New life appeared last night. She came in a bundle of purple velvet, Hello Kitty socks and pastel hearts. Two-and-a-half months old Sayler met her Great Grandpa, brought by proud grandparents Denise and Chuck. Of course I was happy to hold her! I even sneaked in a song and gentle bouncing to “trot to town.” She is beautiful and clearly adored. She is like a new, shiny penny as Dave would say. New life, he repeated to me today. We both know the stark contrast. It doesn’t have to be said.

I think I have given myself the permission needed to do only the bare necessities. Take care of myself. Take care of Dave. Food. Shelter. People. I, too, require more energy for everything I do. I am in maintenance mode and that’s finally OK. I remember that when I worked in an office really very little is accomplished in the last couple of weeks of December anyway. Most  “it” doesn’t matter too much right now. I have my priority. I have lessened the demands on myself. This is easy to say, more difficult to actually believe and practice. I am feeling peaceful at least for the moment.

I try not to think about the changes. I try not to consider what major dates are upon us. Christmas. New Year’s. My Birthday. I don’t want any suffering to be strung out over time. I want to get past all these milestones. I wonder what keeps him going. What is important to him? Is there any unfinished business, so to speak? Can anyone ever be ready? What makes him peaceful for the moment?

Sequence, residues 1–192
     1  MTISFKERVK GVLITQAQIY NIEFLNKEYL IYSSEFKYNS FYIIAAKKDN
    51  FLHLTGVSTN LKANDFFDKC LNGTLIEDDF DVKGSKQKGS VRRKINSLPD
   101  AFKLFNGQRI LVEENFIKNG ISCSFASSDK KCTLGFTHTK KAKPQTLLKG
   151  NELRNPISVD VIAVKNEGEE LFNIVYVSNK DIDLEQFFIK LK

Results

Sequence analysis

We increased his oxygen today. He added another long acting pain pill to his daily repertoire. We are taking each day as it comes the best we know how.

6 replies
  1. Christi
    Christi says:

    Reading your post about changes reminds me of caring for my father who died of Hodgkins Lymphoma in the winter of 2008. That time with him holds such precious memories, harrowing and sweet, all at once.

    I recognize your need to simplify and take care of yourself through this important time. Taste it, smell it, feel it, cherish it.

    • joan
      joan says:

      Thank you, Christi. I’m sorry to hear about your father. We managed to get Dave through Hodgkin’s 23 years ago. From that experience, and even more today, we certainly try to savor the moments as they come.

  2. Ellane Chandler
    Ellane Chandler says:

    I love the picture of Denise and the little bundle Sayler and her awesome Great Grandfather. What a smile! Denise has one of the best jobs ever – Grandmother 🙂 I hope Solstice is bringing whatever you need to carry on, and my heart goes out to all of you with Christmas greetings and love always.